Ray Collis

Is this the Golden Age of Buying? – Implications for sales professionals

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Professional buying has come of age, reaching new heights in terms of importance and sophistication. But what are the implications for sales people?

In this article we turn to the UK Chartered Institute of Purchasing and Supply and the US Institute of Supply Management to provide a new insight to the changing roles and perspectives of those on the other side of table.

The Key Trends in Purchasing.

Purchasing has traditionally been regarded as a bureaucratic function at the organisation’s edge responsible for ordering and replenishing supplies. It was concerned with paper pushing and form filling, in respect of transactions and supplies. However, the old clerically reactive style of purchasing has given way to a more strategic approach.
Traditional Purchasing
New Age Purchasing
Cutting costs
Boosting corporate success
Lowest price
Value, flexibility & innovation
Supplier Relationships
Stand alone

Implications for the vendor: How can you support the purchasing department in the fulfillment of its role?

How Purchasing Contributes to Organizational Success.

With purchases in many organizations accounting for anywhere between 20% and 50% of revenues the purchasing function has an important role to play in organizational success. That is because even a small percentage improvement in the value and performance of suppliers can have a significant impact on the bottom line.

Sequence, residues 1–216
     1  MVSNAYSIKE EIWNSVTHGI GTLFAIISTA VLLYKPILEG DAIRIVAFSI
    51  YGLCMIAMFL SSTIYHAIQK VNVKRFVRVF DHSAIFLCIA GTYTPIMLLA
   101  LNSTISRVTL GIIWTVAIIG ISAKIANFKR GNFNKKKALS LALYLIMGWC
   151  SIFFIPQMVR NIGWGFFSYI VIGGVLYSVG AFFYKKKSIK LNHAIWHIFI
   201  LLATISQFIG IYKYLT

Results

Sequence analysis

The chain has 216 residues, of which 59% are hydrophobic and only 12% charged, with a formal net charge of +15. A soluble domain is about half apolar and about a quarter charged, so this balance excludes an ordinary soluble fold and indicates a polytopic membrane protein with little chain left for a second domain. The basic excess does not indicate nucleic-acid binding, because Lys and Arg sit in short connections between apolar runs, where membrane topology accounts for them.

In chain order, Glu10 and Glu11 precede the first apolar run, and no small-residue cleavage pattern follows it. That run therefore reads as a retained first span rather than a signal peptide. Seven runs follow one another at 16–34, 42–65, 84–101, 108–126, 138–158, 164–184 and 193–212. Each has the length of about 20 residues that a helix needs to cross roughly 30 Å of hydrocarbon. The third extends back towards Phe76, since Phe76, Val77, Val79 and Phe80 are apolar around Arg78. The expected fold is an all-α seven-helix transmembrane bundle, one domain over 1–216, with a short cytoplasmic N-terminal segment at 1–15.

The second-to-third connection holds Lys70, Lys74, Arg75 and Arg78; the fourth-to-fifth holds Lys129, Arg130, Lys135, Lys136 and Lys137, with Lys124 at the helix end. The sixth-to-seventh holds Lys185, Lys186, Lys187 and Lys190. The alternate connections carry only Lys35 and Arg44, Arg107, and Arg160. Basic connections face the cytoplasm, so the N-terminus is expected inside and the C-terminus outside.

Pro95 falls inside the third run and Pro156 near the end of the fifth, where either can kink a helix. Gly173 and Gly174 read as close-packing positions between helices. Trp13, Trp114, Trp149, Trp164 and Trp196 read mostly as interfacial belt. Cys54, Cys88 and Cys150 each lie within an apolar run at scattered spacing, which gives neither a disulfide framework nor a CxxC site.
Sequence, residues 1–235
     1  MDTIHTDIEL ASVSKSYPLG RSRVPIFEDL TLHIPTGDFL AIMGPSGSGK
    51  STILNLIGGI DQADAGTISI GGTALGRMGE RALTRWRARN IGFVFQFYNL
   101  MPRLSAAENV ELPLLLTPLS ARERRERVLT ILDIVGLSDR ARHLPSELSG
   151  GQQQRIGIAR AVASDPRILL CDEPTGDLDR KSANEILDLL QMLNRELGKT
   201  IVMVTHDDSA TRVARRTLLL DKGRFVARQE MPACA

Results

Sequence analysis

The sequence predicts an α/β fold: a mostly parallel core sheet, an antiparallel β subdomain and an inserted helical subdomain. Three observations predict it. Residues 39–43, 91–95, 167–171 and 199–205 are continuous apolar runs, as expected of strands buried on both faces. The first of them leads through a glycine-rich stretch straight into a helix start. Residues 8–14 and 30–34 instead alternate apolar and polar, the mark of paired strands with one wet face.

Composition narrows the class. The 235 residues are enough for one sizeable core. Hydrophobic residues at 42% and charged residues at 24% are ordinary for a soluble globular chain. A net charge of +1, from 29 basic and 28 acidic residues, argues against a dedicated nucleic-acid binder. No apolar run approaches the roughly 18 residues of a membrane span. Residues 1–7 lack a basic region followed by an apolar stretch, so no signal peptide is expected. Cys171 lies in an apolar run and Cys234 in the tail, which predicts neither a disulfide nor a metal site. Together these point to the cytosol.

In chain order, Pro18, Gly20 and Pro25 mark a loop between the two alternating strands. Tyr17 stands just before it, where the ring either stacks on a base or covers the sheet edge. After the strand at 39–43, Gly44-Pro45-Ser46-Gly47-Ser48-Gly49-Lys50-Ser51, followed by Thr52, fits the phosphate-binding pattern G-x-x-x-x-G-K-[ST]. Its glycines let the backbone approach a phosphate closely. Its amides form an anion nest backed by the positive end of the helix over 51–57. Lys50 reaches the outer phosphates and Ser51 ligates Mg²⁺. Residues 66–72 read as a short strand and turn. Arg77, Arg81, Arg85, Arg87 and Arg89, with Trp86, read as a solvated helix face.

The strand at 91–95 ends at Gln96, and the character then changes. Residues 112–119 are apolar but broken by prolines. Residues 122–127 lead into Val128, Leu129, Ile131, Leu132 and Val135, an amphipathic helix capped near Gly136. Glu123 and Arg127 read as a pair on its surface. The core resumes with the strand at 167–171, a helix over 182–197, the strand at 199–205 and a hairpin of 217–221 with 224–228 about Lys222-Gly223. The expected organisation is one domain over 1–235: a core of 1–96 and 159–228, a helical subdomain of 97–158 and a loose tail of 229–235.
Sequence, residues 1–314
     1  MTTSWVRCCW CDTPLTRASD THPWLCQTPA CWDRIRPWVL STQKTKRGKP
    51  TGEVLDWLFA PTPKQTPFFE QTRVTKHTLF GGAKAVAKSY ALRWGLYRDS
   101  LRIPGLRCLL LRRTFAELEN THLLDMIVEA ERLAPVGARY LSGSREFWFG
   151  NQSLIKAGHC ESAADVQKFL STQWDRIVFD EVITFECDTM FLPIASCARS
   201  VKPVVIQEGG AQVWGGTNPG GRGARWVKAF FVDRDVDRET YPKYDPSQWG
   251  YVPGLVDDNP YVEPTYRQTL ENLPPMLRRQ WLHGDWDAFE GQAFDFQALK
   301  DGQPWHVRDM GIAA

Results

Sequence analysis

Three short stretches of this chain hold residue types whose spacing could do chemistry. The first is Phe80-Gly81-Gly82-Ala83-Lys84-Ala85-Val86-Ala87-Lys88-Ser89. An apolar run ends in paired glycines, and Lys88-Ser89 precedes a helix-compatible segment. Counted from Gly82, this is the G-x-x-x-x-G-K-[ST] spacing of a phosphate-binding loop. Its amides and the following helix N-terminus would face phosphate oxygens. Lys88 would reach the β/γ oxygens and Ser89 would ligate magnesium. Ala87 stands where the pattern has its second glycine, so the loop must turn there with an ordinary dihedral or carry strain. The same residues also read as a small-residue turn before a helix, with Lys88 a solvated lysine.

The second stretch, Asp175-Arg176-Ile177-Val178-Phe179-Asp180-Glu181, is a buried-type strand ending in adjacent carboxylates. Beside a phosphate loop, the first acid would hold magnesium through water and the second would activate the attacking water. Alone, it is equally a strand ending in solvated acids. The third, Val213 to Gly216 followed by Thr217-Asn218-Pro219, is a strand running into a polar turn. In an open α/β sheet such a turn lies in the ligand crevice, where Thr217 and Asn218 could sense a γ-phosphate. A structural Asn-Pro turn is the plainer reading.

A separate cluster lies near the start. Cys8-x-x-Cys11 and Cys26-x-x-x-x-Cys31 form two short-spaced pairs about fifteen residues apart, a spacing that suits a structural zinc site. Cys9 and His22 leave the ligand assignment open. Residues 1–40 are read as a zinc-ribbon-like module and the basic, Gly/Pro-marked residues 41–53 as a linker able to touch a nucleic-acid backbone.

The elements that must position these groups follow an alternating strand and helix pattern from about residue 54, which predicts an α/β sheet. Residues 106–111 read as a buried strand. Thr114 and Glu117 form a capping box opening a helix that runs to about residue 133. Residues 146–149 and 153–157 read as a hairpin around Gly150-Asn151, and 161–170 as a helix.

The success of an organization is dictated by the performance, flexibility and innovation of all those members of its supply chain. Maximizing this performance is the principal motivation for a more structured approach to organizational buying.

Another motivating factor for greater sophistication of the buying function is to protect the customer from opportunistic vendors and bad deals. In short, building buying confidence and skill enables buyers to defend against the ploys and tactics of the sales person, while at the same time negotiating better deals and developing more successful vendor relationships.

Implications for the vendor: Does the professional buyer feel the need to limit your access to the customer, or business managers involved?

Finally, there is also the motivation to increase the efficiency of purchasing in response to technological advances; globalization and changes in the nature of business (e.g. supply chain management, world class manufacturing, etc.). This is manifest in the implementation of EDI, ERP, materials management, supplier management systems and so on. With this in mind, however, the appropriate purchasing principles and practices differ depending on the goals and the market conditions of the buying organization, as well as on the nature of the purchase decision (from consumables, to capital goods).

Purchasing as an Integrated Function.

Previously purchasing was a department that completed transactions and managed the associated paperwork. Now it is considered to be an integrated function, which aims to ensure professional buying skills and practices are applied to all corporate buying decisions organization-wide.

The objective is to develop purchasing skills and techniques throughout the organization, putting them in the hands of business managers and their departments. So, rather than a centralized department responsible for all requisitions and supplier relationships, purchasing authority is devolved closer to the point of use. It also involves input to purchasing decisions from a cross section of functional departments.

Implications for the vendor & sales team: What is the imprint of the purchasing department on your prospect’s buying decisions? How many people are likely to be involved in, or shape the decision?

Modern Buying is Planned & Proactive.
Professional buying aims to be: